political legitimacy for this movement. While scholars of development and aid have primarily interrogated participation in its spatial dimensions ( Cornwall 2002 ), in this article we approach it from a temporal perspective. Seen as marked by extreme
Participatory Humanitarian Architecture in the Jarahieh Refugee Settlement, Lebanon
Riccardo Luca Conti, Joana Dabaj, and Elisa Pascucci
Germany's parliamentary democracy appears to be in crisis. The major parties' membership is in decline and barely existing in East Germany, election turnout is decreasing at all levels, and the reputation of politicians has never been worse. At the same time, however, Germans are more interested in politics than in the 1990s, overwhelmingly support democracy, and are keen on participating particularly in local political decision making. Out of this situation emerged www.abgeordnetenwatch.de— a website that aims to re-establish the link between electors and elected by allowing voters and representatives to communicate via a publicly accessible question-andanswer structure. This article addresses the questions of whether such an instrument can revitalize representative democracy and whether it has done so in the context of the 2009 federal elections.
le cas du réaménagement du Quartier des Halles à Paris
Pierre Diméglio and Jodelle Zetlaoui-Léger
While Mayor Bertrand Delanoë had omitted the renovation of Les Halles in hisplans for the city in his 2001 inaugural address, in 2002, at the urging of theRATP and Espace Expansion, he decided to create a working group to undertakethis project during his tenure. Having made citizen participation a newgoal for local government, he also announced that the project would beundertaken with Parisians, especially local associations. The first part of thisarticle emphasizes the different postures that elected politicians, engineers,and experts have adopted over the course of forty years vis-à-vis the questionof citizen participation in urban planning. The second part explores the decision-making process for the Les Halles renovation over the last four years; itconsiders the issues and difficulties linked to the implementation of participatoryplans incorporating residents--whether they are members of localgroups or not--in complex urban planning projects.
Examples from Vienna
In the last decade or so, several projects to exhibit 'migration' were staged in Austria's capital, Vienna. They were undertaken in various contexts: in museums, as part of art shows and in art festivals. These efforts are taken under scrutiny by the author, regarding their production, their way of enabling participation and articulation, and the new perspectives they opened. It is argued that through efforts of formerly excluded groups a change came about in how the figure of the 'migrant', and the various processes of migration, are perceived.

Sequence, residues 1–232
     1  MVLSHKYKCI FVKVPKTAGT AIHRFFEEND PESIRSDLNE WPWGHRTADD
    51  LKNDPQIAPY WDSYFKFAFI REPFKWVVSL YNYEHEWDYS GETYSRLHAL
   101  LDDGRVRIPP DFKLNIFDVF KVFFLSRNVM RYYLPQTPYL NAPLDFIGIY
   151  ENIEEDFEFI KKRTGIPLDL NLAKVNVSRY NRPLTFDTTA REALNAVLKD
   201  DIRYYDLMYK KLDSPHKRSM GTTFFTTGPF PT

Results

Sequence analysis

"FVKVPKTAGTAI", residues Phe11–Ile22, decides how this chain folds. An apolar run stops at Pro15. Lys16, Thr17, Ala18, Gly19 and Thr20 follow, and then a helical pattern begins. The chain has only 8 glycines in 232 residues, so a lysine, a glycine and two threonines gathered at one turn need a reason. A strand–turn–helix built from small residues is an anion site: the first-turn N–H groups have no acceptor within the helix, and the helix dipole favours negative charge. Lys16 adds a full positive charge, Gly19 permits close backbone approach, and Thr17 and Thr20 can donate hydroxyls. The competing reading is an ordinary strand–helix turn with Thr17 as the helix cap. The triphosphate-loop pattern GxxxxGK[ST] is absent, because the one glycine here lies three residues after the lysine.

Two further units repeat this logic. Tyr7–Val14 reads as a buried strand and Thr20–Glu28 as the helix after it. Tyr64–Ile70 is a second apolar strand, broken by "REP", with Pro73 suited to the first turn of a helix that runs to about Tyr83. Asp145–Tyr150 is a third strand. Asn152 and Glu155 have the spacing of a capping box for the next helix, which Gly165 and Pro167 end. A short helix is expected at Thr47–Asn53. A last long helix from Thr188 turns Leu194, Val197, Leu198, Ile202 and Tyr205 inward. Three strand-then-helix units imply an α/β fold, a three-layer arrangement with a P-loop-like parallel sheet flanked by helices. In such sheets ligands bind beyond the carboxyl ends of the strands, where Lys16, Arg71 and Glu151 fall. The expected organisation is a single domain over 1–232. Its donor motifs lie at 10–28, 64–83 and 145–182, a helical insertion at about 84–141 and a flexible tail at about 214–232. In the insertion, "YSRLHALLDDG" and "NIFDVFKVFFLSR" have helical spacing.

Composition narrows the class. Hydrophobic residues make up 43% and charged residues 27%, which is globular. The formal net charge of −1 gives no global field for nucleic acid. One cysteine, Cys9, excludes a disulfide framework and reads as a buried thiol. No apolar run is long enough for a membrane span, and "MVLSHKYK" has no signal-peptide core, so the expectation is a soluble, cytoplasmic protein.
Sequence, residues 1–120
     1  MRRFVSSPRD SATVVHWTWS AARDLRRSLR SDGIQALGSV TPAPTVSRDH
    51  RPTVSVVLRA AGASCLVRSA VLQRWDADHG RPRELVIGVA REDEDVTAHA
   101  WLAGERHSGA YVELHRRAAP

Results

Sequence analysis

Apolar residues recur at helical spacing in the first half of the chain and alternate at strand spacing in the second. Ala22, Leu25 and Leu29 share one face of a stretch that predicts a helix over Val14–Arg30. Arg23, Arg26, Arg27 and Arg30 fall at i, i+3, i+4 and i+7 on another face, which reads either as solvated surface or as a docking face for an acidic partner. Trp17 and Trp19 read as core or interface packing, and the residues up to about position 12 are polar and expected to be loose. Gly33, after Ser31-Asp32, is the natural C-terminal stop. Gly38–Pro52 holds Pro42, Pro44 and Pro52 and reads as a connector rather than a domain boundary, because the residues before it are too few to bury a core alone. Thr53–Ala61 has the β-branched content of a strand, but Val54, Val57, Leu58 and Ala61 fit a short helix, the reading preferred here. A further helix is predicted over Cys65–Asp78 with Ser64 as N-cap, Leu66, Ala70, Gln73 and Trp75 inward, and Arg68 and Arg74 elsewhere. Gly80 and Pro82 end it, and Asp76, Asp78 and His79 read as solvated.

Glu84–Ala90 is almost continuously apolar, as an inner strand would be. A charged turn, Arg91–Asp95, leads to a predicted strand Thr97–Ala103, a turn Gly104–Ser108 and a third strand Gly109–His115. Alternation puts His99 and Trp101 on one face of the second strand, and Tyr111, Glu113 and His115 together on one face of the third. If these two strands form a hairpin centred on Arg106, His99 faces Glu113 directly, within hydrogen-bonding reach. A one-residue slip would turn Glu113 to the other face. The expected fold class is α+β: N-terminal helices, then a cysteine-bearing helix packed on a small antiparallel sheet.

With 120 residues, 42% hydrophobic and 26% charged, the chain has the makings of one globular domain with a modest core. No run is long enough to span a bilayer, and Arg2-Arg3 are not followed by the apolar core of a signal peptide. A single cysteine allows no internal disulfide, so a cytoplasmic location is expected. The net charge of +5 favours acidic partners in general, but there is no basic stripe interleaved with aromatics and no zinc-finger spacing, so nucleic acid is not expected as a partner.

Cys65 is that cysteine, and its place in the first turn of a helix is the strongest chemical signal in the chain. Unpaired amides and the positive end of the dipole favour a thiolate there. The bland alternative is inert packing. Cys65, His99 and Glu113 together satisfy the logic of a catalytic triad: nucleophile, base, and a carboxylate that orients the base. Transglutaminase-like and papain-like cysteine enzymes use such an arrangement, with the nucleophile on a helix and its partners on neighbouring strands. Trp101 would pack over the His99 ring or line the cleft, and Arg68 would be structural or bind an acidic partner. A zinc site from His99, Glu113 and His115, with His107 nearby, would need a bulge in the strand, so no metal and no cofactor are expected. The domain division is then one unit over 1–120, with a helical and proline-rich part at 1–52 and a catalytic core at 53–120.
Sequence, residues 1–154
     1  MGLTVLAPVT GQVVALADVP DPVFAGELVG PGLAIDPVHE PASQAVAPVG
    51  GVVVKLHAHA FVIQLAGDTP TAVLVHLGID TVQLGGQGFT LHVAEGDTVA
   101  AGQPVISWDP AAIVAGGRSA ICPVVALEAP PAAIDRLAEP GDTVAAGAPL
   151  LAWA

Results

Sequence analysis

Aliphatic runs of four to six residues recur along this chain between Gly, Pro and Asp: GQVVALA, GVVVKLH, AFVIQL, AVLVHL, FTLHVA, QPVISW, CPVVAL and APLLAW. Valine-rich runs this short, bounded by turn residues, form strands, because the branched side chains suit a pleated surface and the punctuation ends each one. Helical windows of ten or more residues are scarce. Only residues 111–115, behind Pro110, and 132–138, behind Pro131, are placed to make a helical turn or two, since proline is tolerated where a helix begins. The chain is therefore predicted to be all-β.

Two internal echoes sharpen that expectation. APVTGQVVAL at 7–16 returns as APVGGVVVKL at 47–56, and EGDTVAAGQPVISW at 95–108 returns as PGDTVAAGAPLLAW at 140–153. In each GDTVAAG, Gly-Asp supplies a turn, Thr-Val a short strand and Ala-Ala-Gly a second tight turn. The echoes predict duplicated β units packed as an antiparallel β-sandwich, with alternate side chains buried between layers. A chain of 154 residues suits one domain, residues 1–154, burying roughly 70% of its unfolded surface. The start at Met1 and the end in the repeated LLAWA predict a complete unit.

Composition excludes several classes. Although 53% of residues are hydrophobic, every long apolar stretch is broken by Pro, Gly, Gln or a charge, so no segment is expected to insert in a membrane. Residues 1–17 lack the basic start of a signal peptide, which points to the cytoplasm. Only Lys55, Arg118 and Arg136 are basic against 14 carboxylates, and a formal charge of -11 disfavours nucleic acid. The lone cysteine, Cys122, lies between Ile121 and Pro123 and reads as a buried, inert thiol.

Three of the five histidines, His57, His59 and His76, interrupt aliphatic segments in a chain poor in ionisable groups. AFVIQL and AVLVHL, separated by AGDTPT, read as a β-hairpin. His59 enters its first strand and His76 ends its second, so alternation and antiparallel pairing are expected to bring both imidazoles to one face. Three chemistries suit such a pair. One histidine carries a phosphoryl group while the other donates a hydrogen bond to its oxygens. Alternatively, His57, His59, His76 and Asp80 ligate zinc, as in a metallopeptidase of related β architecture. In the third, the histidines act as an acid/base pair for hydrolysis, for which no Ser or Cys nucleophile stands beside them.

Céline Braconnier and Jean-Yves Dormagen
The presidential election of 2012 produced a high turn-out. Only 20 percent of the electorate abstained. This significant mobilization, however, hides renewed social inequalities in political participation that seemed to have previously disappeared. Based on national and local data surveys, this paper shows that certain kinds of people are less likely to vote than the average citizen. While traditionally more prone to abstain than other voters, many young, poorly educated, and suburban people participated in the presidential election in 2007, but not in 2012. In this later case, they seem to have not been interested in the electoral campaign.
Creating Situations and Spaces of a City's Counter-narrative
This article explores the creation of new structures of participation and counter imaginaries within the city between the poles of arts and politics. On the basis of two case studies, one situated in the non-institutionalised artistic field and one in the non-institutionalised political field, I will explore narratives of a 'topography of the possible' in the city of Salzburg. Aiming to outline collage pieces of a topography of the possible and of counter-narrative in and of the city – the city is looked at in terms of collage, understood as overlapping layers of the three spatial dimensions materiality (physical space), sociability (social space) and the imaginary (symbolic space). These are understood as differing but interrelated spatial dimensions, each one unfolding forms of collective appropriation of a city. The focus lies on the creation of social relations and collective imaginaries on the micro-level of cultural and political self-organised initiatives, looked at under terms of narration and storytelling. My ethnographic project asks for the creative potentiality of a city and for the creative power of social relations and collective imaginaries.